As writers, every book has the potential to teach us something about writing. Last night I finished Shiver* by Maggie Stiefvater. From this experience, I was reminded of many things I knew but now experienced again, reinforcing the importance of each lesson.
Spoiler Alert: If you haven’t read it, please know that I give examples that give significant story elements away!
Here’s some of my learning highlights:
If you are going to tell a story from two points of view, each needs a distinctive voice.Shiver shifts back and forth between the point of view Grace (bitten human that didn’t turn into a wolf) and Sam (wolf). This is great. However, without their names printed at the top of the page, I’d never know who was speaking until they talked about the other person. Sure, some people are a lot alike–my husband and I think so alike sometimes it’s creepy–but after years together I know that the voice in his head doesn’t sound like mine. On paper, it wouldn’t either.
Foreshadowing can be great, but only tell the story once. I think this is a stylistic thing, but Stiefvater often tells us what’s going to happen–the deer’s going to hit the truck–and then she tells us again in slow motion. The problem:
It takes away a lot of the shock value that you would get if you skipped the first telling.
It can cause confusion for readers. Every time this technique was used, I had to re-read the section to see if what I thought had happened really did and (because the punchline was thrown in my face instead of leading up to it), it if did, then did it happen once or twice? (e.g. was there one deer? or two?)
Everything in a story has to lead to one purpose, and that purpose has to become clear enough to readers to propel them ahead in their reading. What do I mean? We need to be merciless in making cuts. If it doesn’t lead to our primary purpose for writing the story, and it doesn’t draw in readers to make them want to read more, it needs to go. Here’s the problem I had with Shiver: I never really knew where I was headed. I felt like I was ambling most of the way. Fairly early on you learn that Sam can’t stand the cold and he thinks this is his last change (which, since he didn’t really have much to back it up, I wasn’t really buying). You also know that some white wolf chick is in love with Sam and has it out for Grace. You know she’ll attack eventually, and you know she’s not dead after she does. Is she coming back? Is this the main thrust of the story? After a while, I kept reading just to see if that was supposed to be where the story was leading me or something else. The problem: there wasn’t enough to make me go crazy wanting to read the next part of the story. As a result, it took me a whopping 3 1/2 weeks to finish–during which, I traded off with other things.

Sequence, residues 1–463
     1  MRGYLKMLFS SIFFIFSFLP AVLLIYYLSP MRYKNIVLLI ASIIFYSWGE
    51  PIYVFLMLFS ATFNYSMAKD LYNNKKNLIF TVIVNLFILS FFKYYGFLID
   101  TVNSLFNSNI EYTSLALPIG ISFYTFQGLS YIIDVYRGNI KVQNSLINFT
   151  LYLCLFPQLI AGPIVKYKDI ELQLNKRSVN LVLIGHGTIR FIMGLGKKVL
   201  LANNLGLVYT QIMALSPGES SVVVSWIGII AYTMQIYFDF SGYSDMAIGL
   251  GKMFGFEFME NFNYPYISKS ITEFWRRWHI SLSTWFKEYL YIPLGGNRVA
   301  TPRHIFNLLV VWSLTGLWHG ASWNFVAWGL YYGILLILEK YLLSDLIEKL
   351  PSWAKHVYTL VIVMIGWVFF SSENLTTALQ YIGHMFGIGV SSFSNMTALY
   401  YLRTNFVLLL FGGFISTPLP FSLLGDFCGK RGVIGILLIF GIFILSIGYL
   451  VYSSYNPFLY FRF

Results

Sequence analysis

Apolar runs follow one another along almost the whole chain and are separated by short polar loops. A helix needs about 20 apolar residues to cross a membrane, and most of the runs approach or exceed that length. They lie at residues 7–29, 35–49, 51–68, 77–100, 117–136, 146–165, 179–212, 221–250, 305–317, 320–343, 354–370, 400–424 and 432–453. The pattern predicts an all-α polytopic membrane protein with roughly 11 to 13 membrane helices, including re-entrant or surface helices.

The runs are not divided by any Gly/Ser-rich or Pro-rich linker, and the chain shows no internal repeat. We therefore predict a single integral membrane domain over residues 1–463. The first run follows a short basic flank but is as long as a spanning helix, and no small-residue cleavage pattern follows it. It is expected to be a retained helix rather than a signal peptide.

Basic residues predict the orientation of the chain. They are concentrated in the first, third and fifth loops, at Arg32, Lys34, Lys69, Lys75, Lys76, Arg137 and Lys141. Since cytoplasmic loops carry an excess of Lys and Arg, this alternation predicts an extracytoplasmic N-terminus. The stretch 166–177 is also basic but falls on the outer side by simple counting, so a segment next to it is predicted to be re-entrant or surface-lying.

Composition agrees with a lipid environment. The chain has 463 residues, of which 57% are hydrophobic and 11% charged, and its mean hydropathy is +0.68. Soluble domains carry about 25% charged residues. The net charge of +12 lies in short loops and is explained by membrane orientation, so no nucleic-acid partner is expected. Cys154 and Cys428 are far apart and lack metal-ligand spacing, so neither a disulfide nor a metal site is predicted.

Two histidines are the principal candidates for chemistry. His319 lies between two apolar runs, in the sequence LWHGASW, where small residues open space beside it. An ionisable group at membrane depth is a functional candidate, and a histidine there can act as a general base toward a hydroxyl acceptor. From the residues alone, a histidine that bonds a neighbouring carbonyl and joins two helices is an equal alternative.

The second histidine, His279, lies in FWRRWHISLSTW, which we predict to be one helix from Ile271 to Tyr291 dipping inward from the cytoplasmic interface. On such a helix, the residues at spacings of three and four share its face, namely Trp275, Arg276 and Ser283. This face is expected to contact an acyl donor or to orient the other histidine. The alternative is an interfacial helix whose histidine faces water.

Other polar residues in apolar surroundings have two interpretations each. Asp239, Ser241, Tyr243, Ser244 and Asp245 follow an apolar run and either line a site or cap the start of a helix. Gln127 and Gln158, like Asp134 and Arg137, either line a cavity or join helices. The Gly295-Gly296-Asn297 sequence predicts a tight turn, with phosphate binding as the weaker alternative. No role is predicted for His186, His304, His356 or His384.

A love story needs a little tension to be believable. I realize some will hate me for saying this. Sam + Grace forever, I know. But here’s the problem: it was too easy. I’m not saying love has to be difficult (it never has been for my husband and me), but for the plot to move forward (again, see #3), there needs to be tension. For most of us, that tension is separation: we want to be with the significant other every moment–especially when we first meet–and we can’t. Why not replicate this in our stories? Imagine this: Sam appears on the doorstep naked and wounded. Grace takes him to the hospital, but then, he disappears. Where’d he go? Will she see him again? Now I’m dying to know out what happened. Now I want him to come back. I need him to. Suddenly, I have to put everything else in my life aside to find out what happens next, and I read through the book in a day, rather than weeks. Stiefvater’s version of the wolf is perfect for this: every time it gets cold, Sam disappears again. There’s mystery involved. There’s suspense. There’s fiery romance.
All this being said, I still love the premise of the book, and I’m left wondering how much wolf is in Grace. Could anything provoke her to change over? Will Sam ever change again? Will his father-figure Beck? While the book isn’t perfect (few are), it leaves me enough questions to want to linger on the story a bit longer.
*Shiver by Maggie Stiefvater is part of a trilogy including linger (book 2) and forever (book 3).
Founder of the Indie Writer's Network, Amy Joy is the author of serious and silly books for adults and kids including 2012 Amazon Breakthrough Novel Award Quarterfinalist THE ACADEMIE (YA dystopian romance).
What if you knew that soon you’d be thrust back into high school– after you graduated after you said goodbye after you thought it was over for good If you thought high school was a prison when you were there, you haven’t seen anything yet. Dystopian, paranormal, romantic fiction for young adults. Now available for […]